PICS is off and running

Climatologist Dr. David Rodenhuis is the new director pro tem of the Pacific Institute for Climate Solutions (PICS).

PICS was announced on Jan. 25 by BC Premier Gordon Campbell as a collaboration among the province’s four research-intensive universities—UVic, the University of British Columbia, Simon Fraser University and the University of Northern BC—as well as government and the private sector. UVic is the host and lead institution.

In general, PICS will work to increase our understanding of the magnitude and patterns of climate chan#8805; evaluate the physical, economic and social implications; assess options and develop solutions; and communicate climate change issues to government, industry and the general public.

The province provided UVic with an endowment for PICS that will generate more than $4 million a year for operating costs, and another $4.5 million this year for start-up expenses. The $90 million in funding is the largest single contribution to a university endowment in Canadian history.

Rodenhuis, whose expertise is climate monitoring and modelling of the atmosphere, is also senior scientist and acting director of the Pacific Climate Impacts Consortium (PCIC), a consortium that helps bridge the gap between research and applications. PCIC has been operating for several years at UVic with support from stakeholders in government and industry. PICS funding includes support for PCIC.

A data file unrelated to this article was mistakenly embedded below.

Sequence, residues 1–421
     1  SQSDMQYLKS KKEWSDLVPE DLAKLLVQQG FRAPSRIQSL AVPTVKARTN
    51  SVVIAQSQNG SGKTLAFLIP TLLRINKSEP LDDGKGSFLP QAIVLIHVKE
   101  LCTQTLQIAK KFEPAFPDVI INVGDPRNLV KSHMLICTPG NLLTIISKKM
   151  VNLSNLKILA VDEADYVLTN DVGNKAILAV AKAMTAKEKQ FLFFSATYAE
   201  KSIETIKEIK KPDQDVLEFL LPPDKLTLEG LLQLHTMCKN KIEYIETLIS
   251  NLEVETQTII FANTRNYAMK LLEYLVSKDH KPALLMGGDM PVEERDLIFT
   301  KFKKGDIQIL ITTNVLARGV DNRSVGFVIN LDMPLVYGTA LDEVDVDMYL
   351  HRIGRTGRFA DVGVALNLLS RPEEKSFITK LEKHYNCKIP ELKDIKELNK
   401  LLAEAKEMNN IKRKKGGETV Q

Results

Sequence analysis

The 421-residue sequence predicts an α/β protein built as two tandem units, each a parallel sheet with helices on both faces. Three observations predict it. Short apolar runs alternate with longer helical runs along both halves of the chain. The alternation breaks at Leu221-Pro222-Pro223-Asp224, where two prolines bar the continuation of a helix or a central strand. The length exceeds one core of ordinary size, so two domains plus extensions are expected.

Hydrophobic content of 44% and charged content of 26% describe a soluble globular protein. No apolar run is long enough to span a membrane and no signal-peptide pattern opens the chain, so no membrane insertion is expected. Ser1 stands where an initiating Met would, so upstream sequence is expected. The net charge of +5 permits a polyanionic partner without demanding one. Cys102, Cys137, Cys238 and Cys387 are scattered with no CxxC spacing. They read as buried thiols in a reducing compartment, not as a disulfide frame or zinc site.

In its first few months, PICS has established communication among the four collaborating universities, initiated a competition for the first PICS graduate fellows, launched a database of climate researchers in the province and set up an initial governance structure.

The next step is to develop a five-year research plan. PICS research will be conducted by the community of physical scientists, engineers, social scientists and policy experts in BC whose work has a bearing on the climate change issues facing the province and local governments.

“We’re asking the BC research community to anticipate climatic changes that are coming to Pacific North America and direct their research toward solutions,” says Rodenhuis. “At the same time, we need to attract the entrepreneurial spirit of the private sector.”

The database will contain the basic information on “who is doing what” at BC’s four research-intensive universities, says Rodenhuis. “Researchers who want to join the search for solutions to the major issue of our times will be identified in that database.”

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Keywords: Pacific Institute for Climate Solutions

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